Pakistan's Iran overtures test Saudi faith
ISLAMABAD - Saudi Arabian concerns over Pakistan's improving ties with Iran will likely be worsened by reports that Islamabad sent a secret delegation of hard-nosed and devout Sunni scholars to Tehran with the aim of fostering interfaith harmony with their Shi'ite counterparts.
Asia Times Online has learned that more than a dozen Wahhabis (hardline Sunni Muslims) from Pakistan were recently sent to Iran to meet with Shi'ite clerics, the majority faith in Iran. Pakistan, like Saudi Arabia, is predominantly Sunni. Efforts to keep the religious dialogue secret were exerted at the government level.
The meeting occurred weeks before a high-profile delegation, including President Asif Ali Zardari, visited Tehran for an anti-terrorism summit, suggesting that Pakistan-Iran ties were rapidly
improving. (See Pakistan, Iran become 'natural allies', Jul 19, 2011)
Speaking in Tehran on July 17, Zardari proposed a currency-swap agreement between Pakistan and Iran to strengthen trade and said the nations had the potential to undertake joint economic projects in Afghanistan. He said there was a chance of a "new era" of development in the two countries in particular, and in the whole region.
There are also plans for a gas pipeline that would link Iran's South Pars gas field to energy-staved Pakistan. Federal Minister for Petroleum and Natural Resources Dr Asim Hussain said last week that the $1.2 billion pipeline project will be complete by 2014.
High-placed sources say the main objective of the religious delegation sent to Iran was to illustrate to Sunni and Shi'ite sects that "non-Muslim actors" are responsible for sectarian tensions between the two schools of thought in recent years.
Maulana Aamir Siddique, new custodian of the Red Mosque (Lal Masjid) in Islamabad, one of the young religious scholars who attended the confidential visit to Iran, told Asia Times Online, "The main objective of the delegation was to unite Muslim nations and narrow the differences among Muslim communities."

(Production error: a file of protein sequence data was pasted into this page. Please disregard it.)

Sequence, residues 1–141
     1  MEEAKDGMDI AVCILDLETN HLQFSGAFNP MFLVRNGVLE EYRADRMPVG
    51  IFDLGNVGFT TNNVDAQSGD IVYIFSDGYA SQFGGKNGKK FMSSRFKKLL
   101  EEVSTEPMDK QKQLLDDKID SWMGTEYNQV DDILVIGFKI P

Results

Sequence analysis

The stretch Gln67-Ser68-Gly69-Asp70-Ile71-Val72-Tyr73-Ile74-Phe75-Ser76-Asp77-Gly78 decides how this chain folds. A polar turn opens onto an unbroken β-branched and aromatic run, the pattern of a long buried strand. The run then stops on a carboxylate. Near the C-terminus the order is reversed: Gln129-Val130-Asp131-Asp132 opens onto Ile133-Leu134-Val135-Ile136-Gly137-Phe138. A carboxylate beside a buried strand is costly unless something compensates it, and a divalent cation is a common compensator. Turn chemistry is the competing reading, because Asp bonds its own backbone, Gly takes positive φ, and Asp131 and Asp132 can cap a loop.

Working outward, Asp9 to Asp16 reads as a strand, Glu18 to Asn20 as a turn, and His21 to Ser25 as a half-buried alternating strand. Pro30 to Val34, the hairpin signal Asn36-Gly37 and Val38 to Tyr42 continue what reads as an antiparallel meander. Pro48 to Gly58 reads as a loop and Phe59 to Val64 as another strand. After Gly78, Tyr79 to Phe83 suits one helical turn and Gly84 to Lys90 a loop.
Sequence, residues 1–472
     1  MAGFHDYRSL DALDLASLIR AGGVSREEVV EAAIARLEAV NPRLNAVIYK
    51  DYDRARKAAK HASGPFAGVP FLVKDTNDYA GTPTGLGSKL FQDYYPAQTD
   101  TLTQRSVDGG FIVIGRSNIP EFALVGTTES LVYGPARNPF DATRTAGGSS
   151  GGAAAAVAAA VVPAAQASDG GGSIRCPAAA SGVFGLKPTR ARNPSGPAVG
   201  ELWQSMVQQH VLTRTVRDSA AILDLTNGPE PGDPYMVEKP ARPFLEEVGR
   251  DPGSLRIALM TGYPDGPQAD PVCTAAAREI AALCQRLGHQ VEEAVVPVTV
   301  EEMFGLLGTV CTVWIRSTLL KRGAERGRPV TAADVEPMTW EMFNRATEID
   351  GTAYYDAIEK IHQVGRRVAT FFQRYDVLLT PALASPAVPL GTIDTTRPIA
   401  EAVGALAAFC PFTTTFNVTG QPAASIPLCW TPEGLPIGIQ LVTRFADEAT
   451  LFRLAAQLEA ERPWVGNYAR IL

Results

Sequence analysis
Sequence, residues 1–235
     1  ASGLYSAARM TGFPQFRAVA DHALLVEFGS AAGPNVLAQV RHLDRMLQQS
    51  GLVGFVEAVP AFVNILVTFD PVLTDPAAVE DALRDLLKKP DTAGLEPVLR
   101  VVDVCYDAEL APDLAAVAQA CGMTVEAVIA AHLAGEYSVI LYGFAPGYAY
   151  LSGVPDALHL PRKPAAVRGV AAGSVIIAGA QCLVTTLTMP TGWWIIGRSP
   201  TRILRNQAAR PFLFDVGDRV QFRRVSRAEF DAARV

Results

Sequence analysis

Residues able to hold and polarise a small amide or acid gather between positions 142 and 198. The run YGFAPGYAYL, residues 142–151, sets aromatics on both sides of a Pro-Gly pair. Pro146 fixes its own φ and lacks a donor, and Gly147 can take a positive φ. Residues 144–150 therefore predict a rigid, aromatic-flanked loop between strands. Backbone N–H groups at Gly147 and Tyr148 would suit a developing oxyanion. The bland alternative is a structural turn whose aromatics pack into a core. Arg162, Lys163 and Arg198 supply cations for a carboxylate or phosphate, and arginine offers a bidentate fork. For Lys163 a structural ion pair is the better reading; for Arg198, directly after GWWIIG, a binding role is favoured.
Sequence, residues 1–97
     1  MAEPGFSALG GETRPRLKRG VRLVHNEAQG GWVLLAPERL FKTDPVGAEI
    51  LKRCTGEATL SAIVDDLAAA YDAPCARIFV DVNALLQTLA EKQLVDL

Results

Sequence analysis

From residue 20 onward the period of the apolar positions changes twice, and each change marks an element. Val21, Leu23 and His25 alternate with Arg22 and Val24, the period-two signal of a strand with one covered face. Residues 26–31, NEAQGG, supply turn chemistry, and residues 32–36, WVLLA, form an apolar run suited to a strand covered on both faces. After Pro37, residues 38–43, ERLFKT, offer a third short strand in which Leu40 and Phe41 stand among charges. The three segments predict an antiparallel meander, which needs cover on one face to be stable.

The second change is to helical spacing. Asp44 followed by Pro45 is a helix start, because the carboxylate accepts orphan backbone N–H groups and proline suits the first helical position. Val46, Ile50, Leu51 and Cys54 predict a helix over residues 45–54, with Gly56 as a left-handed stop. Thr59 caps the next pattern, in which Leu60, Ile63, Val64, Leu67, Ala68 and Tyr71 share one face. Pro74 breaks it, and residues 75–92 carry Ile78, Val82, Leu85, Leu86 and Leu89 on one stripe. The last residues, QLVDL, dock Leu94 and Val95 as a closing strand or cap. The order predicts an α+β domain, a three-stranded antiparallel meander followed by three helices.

Siddique's mosque has been seen as a hotbed of Sunni radicalism. It was stormed by security forces in 2007 for providing a safe haven to militants under the protection of two brothers who were its then custodians, Maulana Abdul Aziz and Maulana Abdul Rasheed Ghazi. Ghazi was killed along with 153 others in the offensive. Abdul Aziz was arrested while trying to escape disguised as a female student. Ghazi was Siddique's nephew.
Saudi reaction to the recent blossoming of Iran-Pakistan relations has been swift, with King Abdullah inviting Zardari to Saudi Arabia last week, purportedly to discuss bilateral ties and the fight against militancy.
However, during the meeting Zardari was reminded about the longstanding political and religious ties between Pakistan and Saudi Arabia. According to reliable sources, King Abdullah also emphasized to Zardari the important assistance Saudi Arabian has provided Pakistan in difficult times.
While Pakistan has benefited from such aid, Saudi funds have also fueled bloody sectarian violence between Shi'ites and Sunnis. The majority of jihadi organizations and all anti-Shi'ite elements have all received heavy funding from Saudi sources, particularly in the 1990s, when scores of innocent Shi'ites were executed by the Lashkar-e-Jhangvi and the Sipah-e-Sahaba Pakistan.
With 90% of the Pakistani populace comprised of Sunni Muslims, Pakistan has been under Saudi influence for decades, with Saudis wielding power over internal, political and religious matters. If Islamabad takes its embrace of Iran too far, it will face face increasing pressure from Riyadh.
Malik Ayub Sumbal is a freelance investigative journalist based in Islamabad, Pakistan. He has worked for more than eight years for a number of national and international newspapers, magazines, journals, wire services and television channels. He can be contacted at email@example.com
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